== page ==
Saturday, May 25, 2024

US promises Ukraine military assistance to make ‘real difference’ on battlefield

US Secretary of State Antony Blinken has promised Ukraine the military aid that will make “a real difference” on the battlefield is on the way. It came as Moscow launched a new offensive in the Kharkiv region on Friday, forcing the evacuation of thousands of people.

Blinken arrived in Kyiv on a surprise diplomatic visit on Tuesday to underline the support of the US. He is the first of Joe Biden administration official to visit Kyiv after the passage of the Ukraine funding, which Ukraine and its allies hope could be a turning point in the war.

The Secretary of State said on Tuesday the long-awaited Washington’s military assistance has started arriving in Kyiv, after months of delays caused by political haggling in the US Congress.

The $61 billion package includes about $23 billion to replenish US arms, stockpiles and facilities and nearly $14 billion to help Ukraine buy advanced weapons systems and other defense equipment. More than $11 billion will fund current US military operations in the wider region.

As he met Ukraine’s President Volodymyr Zelensky on Tuesday, Blinken underscored that “the assistance was now on the way”.

“Some of it already arrived, and more of it will be arriving, and that’s going to make a real difference against the Russian aggression on the battlefield,” he added.

“We are determined, along with many partners of Ukraine, to make sure you succeed on the battlefield.”

“A strong, successful, thriving, free Ukraine is the best possible rebuke to [Russia’s President Vladimir] Putin,” he continued, adding that Washington is “determined that over time, Ukraine stands strongly on its own feet: militarily, economically, democratically”.

Blinken’s visit comes as Russia continues its new push into northeastern Ukraine after making several major advances there over the past week, marking Moscow’s most significant gains since Kyiv’s forces recaptured Kharkiv in late summer 2022.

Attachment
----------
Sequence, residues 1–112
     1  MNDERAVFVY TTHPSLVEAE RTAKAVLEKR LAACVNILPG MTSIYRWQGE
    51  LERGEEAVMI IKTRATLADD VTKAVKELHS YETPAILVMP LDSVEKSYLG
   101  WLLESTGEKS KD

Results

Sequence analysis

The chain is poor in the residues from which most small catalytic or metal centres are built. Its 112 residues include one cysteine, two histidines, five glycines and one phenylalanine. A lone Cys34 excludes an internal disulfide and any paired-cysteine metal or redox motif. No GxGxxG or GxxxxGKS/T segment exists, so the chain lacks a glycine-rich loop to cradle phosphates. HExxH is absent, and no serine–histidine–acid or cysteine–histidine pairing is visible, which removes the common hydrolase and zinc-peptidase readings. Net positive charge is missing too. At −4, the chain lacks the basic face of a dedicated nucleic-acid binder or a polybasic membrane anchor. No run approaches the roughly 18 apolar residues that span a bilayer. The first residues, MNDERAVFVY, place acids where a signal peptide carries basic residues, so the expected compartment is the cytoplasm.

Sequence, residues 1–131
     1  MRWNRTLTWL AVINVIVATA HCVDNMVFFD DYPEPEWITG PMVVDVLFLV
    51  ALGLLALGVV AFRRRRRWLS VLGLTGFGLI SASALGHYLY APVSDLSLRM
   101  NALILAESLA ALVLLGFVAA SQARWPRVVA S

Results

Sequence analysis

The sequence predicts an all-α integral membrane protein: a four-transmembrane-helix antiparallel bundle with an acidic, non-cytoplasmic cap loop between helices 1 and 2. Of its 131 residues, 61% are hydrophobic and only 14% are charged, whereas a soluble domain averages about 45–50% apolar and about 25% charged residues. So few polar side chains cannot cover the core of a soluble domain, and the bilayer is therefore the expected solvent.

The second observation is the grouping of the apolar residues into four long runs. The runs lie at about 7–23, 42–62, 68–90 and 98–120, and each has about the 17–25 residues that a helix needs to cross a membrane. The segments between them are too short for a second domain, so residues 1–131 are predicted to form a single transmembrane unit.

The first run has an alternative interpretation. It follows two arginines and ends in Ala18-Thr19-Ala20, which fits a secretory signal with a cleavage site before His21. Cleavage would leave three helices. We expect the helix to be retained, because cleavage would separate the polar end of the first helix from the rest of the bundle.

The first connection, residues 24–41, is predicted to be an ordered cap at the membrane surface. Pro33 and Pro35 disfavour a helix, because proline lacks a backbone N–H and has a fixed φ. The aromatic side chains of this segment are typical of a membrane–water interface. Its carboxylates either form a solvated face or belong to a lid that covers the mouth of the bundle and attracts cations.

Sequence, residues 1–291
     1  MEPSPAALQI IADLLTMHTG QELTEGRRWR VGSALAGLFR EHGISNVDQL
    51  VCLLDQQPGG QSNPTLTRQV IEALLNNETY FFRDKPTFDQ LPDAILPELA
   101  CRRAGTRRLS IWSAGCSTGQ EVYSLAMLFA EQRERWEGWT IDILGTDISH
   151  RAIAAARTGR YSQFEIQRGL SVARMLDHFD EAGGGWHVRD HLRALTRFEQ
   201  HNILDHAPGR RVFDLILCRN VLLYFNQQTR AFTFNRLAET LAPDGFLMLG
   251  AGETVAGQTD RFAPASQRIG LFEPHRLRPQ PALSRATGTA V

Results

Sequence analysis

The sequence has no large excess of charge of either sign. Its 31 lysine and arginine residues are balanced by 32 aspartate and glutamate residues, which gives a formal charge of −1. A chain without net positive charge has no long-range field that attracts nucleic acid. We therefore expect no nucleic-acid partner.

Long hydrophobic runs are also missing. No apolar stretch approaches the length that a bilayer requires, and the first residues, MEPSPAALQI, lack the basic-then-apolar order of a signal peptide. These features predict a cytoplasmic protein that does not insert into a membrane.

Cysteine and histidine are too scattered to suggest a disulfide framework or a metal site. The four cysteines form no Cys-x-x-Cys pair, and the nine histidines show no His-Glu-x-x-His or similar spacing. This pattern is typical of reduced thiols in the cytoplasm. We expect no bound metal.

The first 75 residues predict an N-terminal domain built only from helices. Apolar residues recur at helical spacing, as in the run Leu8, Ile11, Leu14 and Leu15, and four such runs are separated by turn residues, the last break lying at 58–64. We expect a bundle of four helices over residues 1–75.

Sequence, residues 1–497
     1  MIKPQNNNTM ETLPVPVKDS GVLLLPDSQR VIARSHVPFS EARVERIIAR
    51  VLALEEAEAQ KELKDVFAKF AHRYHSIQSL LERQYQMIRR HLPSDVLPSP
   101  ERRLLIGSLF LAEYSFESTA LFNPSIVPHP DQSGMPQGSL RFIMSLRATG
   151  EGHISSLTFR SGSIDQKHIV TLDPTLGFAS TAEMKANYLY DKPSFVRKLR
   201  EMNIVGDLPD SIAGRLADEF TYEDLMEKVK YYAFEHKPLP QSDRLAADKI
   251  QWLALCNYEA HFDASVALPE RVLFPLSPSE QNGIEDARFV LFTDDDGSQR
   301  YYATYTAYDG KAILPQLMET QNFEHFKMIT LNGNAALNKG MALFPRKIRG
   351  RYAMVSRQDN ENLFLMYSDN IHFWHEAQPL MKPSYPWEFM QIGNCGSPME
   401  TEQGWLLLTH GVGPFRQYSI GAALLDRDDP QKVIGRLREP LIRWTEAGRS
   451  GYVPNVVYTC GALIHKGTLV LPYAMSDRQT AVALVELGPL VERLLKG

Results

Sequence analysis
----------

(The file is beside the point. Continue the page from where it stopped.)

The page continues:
More than 7,000 people have been evacuated from the Kharkiv region, the head of the region’s military administration, Oleh Syniehubov, stated on Tuesday.

The majority of the evacuations took place in the Chuhuiv and Kharkiv districts, with volunteers assisting efforts.

The Sumy region, which borders the Kharkiv region, has also ordered a “voluntary evacuation” for several towns where attacks have increased, according to the region’s military administration.

The Institute for the Study of War in Washington reported last month that Russian missile and drone strikes against Ukraine have become much more effective in recent months, even though there was no dramatic increase in their size or frequency.

“Instead, Russian forces are exploiting the degradation of Ukraine’s air defense umbrella caused by continued delays in Western security assistance and appear to be leveraging tactical adaptations stemming from several months of Russian efforts to test Ukrainian air defenses,” the Washington-based group said in a report.

Zelensky lauded the “crucial” US aid, stressing the country’s biggest deficit – air defence. He told Blinken that Ukraine needed two air defence batteries for the northeastern city of Kharkiv, being pummelled by Russian air raids.

“Civilians, warriors, everybody – they are under Russian missiles.”

In an address on Monday evening, Zelensky has sought to reassure Ukrainians that Russia’s operations in the northern Kharkiv border area will not lead to defensive gaps elsewhere along the frontline.

“We understand how the enemy is acting, and we see the plan to draw our forces back,” the president added.

Kiev’s military intelligence chief has warned Ukraine’s precarious battlefield position is set to worsen in the near future. Kirill Budanov described the situation as “on the edge” as Russia continues to make territorial gains.

The Russian operation has long been expected in Ukraine, but according to some military officials, Kiev failed to prepare defenses on its side of the border, possibly due to graft.

The Ukrainian leadership has blamed a shortage of Western military assistance and the months-long delay in the appropriation of over $61 billion of Ukraine-related spending by the US Congress for a string of frontline setbacks since last year.

Moscow perceives the Ukraine conflict as a US-initiated proxy war against Russia, in which Ukrainian soldiers serve as “cannon fodder”. The Defense Ministry has estimated Kiev’s military casualties at over 111,000 this year alone, as of early May.

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